The Mobile JSON Wire Protocol Workshop
Last week, Santi and I headed to London for a two day JSON Wire Protocol workshop at the Mozilla London office. We were joined by Simon Stewart of Facebook and the Selenium Project, David Burns of Mozilla, François Reynaud of ios-driver, and Dominik Dary of Selendroid.
The workshop could not have happened without the leadership of the Selenium Project, and we’re excited to be working closely with them to further promote and push the goal of developing lasting standards for mobile automation. The Selenium Project was instrumental in developing standards for web automation with the W3C, and as mobile automation and frameworks continue to evolve, we all agree it’s crucial to develop standard specifications for how mobile automation should work and ensure maximum interoperability between frameworks.
We feel that the workshop was a huge success that fostered meaningful collaboration between projects for the benefit of users and the open source community. We believe collaboration like this will help mobile automation move forward.
What we covered
We made great progress over the two days of the workshop in planning what the specs of a standardized mobile automation protocol would look like and developing a roadmap of how to get there. You can read the agenda of the workshop here, and see detailed minutes of what we covered here.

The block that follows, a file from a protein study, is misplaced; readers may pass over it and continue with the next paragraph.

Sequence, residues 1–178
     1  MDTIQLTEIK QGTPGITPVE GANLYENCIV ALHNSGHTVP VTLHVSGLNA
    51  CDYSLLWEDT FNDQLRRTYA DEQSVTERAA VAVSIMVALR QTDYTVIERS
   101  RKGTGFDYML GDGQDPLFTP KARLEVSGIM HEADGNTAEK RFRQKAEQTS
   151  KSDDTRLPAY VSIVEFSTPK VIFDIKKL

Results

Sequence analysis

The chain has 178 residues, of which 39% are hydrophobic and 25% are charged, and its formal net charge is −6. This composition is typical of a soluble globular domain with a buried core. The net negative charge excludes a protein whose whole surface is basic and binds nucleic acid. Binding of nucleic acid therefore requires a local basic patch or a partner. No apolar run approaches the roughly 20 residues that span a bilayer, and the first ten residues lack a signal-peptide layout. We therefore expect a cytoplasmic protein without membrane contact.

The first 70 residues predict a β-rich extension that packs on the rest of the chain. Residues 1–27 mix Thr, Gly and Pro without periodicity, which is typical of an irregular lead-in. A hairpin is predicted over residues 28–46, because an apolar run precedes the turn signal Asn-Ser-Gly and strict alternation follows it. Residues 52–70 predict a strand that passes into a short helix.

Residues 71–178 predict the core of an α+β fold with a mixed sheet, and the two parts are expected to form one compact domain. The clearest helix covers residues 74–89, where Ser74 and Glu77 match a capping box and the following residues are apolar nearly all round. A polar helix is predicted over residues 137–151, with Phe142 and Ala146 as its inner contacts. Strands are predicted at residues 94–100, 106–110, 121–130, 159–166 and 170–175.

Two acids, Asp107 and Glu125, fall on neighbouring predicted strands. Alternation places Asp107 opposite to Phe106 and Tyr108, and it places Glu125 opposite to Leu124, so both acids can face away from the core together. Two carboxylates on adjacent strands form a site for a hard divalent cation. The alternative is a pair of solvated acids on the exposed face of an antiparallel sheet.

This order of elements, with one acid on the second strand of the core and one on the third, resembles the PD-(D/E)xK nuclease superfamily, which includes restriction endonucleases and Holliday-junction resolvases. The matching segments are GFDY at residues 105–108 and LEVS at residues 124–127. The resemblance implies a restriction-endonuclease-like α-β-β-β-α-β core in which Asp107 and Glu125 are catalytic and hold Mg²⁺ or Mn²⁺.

On day 1 we did detailed spec planning, working out areas where the different projects didn’t align and coming to a consensus about how to move forward. Day 2 focused on developing roadmaps for submitting extensions to W3C and implementing changes in the automation servers and client libraries. The end goal of all this planning is to eventually submit proposed standard specs for the JSON Wire Protocol to the W3C, just as Selenium has done for browser automation.
What this means for mobile automation
We hope that the work we’ve done thus far and the work to come will ultimately greatly benefit anyone doing mobile automation, as well as the open source community. It means that users will be able to switch between mobile automation frameworks as needed without needing to relearn how each works, creating a more robust open source mobile automation ecosystem. We hope greater interoperability will help grow an already growing open source community that can provide great community support for people looking to do mobile automation, and give people the protection from vendor lock-in that open source can provide.
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